Wednesday Advice Smackdown

This Week in Guilt

So week two. My first almost-full week, minus Monday, which means next week could suck progressively more.

I hate it. I hate it hate it hate it.

Noah loves it.

So there you go.


I have a conversation with a mother in Noah's room about the fabulousity of the Dr. Brown's bottles as we carefully label our children's food with colored tape and a Sharpie. 

Img_2090 The other mother is labeling a dizzying array of bottles, fruit and cereal for her nine-month-old and casually mentions that she never tried the wide-necked Dr. Brown's because her daughter was never breastfed. I look down at my standard, non-wide-necked bottles and quietly mumble that Noah is breastfed, but still never liked the wide-necks, and then realize that I sound like a total asshole.

I write BREASTMILK on two of Noah's bottles -- bottles that required four days' worth of pumping to fill -- and I write FORMULA on the last one and shove it in the back of the fridge. Asshole.

Img_2141 As I leave, I see Noah's eyes widen as he scans the room, looking for me. I make a choked-up, gasping noise that startles a staff member walking by, and she asks me if I'm okay. I affirm that I am and quickly walk away. I make it all the way back to the car before I start crying.

Every working mother at work stops by to offer encouragement and promises that it will get easier.

When I go back at noon to nurse him, he's settled in and barely notices that it's ME, MAMA, THE ONE THEY CUT YOU OUT OF AND WHO STILL CANNOT POOP RIGHT BECAUSE OF IT until my shirt is open and hello! Boobs!

But he keeps pulling away because he wants to turn around and see what the other babies are doing. He's fascinated by them, particularly the two older babies who can sit up and crawl. One of the teachers notices him watching the room and sings out his name, and he squeals with delight.

They play music to the infants all day long -- lullabies and sing-along songs and classical music. I realize how many Simpsons episodes have probably already embedded themselves in Noah's subconscious and feel a twinge of guilt.

Img_2160 When I pick him up in the evening, his teachers have written notes on his schedule to tell me how much they love him already. Jason isn't nearly as touched as I am, because "You know they're probably told to do that for the all new parents. So you won't freak out and withdraw in a week and not give them all your money."

Yeah, I know. But I quietly paste the schedule into Noah's baby book when Jason isn't looking.


I notice that there are a lot of dads who do the morning drop-off. They look only slightly less pained than the mothers.

There's a notice posted that the center has a confirmed case of the chicken pox.

I've never had the chicken pox, but can't get vaccinated until I stop breastfeeding. I put three bottles of formula in the fridge because I only managed to pump two measly ounces the day before.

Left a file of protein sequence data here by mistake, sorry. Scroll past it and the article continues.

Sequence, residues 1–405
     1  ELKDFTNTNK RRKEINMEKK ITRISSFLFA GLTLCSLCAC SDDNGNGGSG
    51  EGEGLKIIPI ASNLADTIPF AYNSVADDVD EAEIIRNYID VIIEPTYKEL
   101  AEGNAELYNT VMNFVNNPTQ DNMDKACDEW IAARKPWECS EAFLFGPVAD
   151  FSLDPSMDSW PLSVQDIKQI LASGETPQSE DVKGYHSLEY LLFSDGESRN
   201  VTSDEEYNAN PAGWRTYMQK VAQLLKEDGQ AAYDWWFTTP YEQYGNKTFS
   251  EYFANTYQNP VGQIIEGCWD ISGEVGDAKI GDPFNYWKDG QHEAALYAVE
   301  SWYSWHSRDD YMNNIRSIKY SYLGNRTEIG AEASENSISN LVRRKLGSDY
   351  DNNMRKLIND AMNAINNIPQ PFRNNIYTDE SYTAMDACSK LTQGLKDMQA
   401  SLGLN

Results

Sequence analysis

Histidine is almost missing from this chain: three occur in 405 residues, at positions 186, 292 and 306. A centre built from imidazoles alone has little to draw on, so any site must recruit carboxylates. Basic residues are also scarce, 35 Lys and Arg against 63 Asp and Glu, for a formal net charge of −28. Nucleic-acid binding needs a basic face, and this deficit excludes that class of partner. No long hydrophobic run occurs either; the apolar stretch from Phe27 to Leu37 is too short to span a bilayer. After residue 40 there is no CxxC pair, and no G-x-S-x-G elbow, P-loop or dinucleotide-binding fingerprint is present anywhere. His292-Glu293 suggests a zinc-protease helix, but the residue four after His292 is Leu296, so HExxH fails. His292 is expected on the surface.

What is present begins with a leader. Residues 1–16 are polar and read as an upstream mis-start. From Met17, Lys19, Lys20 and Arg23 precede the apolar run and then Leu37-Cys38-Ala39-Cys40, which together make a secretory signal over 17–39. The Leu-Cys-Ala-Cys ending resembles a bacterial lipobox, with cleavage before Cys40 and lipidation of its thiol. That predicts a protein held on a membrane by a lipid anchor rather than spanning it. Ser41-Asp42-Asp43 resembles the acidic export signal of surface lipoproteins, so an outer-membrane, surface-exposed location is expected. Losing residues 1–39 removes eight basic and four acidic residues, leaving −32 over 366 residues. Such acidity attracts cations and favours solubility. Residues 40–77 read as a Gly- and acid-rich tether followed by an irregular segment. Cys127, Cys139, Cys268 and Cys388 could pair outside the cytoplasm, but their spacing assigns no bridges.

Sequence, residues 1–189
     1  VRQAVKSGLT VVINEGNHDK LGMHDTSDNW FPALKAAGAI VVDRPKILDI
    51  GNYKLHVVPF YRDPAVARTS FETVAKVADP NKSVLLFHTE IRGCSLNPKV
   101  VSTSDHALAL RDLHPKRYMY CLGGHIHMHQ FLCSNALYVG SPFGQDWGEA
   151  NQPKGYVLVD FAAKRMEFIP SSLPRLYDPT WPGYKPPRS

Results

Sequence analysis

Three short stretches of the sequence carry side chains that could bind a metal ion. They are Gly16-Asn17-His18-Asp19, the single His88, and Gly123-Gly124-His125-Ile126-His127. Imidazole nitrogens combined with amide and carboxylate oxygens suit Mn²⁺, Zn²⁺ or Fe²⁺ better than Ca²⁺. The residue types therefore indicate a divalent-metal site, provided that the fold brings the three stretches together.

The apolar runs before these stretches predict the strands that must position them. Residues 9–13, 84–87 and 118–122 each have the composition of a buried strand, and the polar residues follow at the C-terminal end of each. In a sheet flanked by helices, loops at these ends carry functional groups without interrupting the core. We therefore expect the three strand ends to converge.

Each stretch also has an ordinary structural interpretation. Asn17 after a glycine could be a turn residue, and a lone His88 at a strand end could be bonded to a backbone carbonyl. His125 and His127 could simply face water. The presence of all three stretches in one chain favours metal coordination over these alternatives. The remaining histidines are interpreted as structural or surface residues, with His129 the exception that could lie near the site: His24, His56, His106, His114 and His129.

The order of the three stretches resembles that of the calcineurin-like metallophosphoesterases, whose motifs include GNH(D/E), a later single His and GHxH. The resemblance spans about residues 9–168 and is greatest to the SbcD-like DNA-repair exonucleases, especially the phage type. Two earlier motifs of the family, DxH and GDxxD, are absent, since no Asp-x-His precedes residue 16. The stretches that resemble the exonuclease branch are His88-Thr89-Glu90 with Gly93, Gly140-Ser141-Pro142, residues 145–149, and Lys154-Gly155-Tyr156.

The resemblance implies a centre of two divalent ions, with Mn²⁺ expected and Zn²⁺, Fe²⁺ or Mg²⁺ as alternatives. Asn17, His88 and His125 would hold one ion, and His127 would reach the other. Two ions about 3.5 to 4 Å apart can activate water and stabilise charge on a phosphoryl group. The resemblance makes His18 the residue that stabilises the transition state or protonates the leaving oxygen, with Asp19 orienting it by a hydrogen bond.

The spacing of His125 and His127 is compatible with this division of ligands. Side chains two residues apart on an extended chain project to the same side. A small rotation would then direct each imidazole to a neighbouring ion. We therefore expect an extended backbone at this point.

Img_2082 Today, Noah doesn't look for me. He's all smiles and baby talk as I slip out of the room.

I'm really tired.

An older woman at work welcomes me back and asks to see photos of Noah. She asks me about childcare, and I only get as far as, "He's at a daycare center right down the..." before she scrunches up her face and makes a sad little "Oh!" sound.

When I drive over at lunch, there's a woman panhandling at an intersection. She's holding a sign that reads HOMELESS MOTHER OF THREE CHILDREN PLEASE HELP GOD BLESS YOU. I'm sure it's a scam -- other days there's a guy here with a different sign who claims to be a Vietnam veteran -- so I keep my window up and my eyes straight ahead. I feel really shitty by the time the light turns green.

His teachers are feeding two babies their cereal when I arrive. I quietly nurse him in the corner and try to ignore the baby who is howling in his crib to be picked up. The teachers call to him and sing and hurriedly feed the older ones before they go get him.

Part of me is horrified at the thought of Noah being left to cry all those agonizing minutes, and part of me remembers how that very morning I let him cry while I packed up his bottles and extra clothes while Jason hurriedly walked the dog. And then how he cried again when I put him down while I looked for my keys in the couch cushions.

At home that evening, Noah cries. A lot. I worry he's getting sick until I, going on sleep-deprived auto-pilot, call him "Handsome Boy." It's his teacher's nickname for him. He immediately smiles and laughs.



This is easy! Dropping him off is great! Look how happy he is! God. Why is he so happy? Why doesn't he scream like he does at home? Why did he cry all night last night and refuse to nurse? Why won't he stop smiling at his teacher? Why does he like these women better than me?

The center announces that it also has a confirmed case of pink eye.

I'm really, really tired.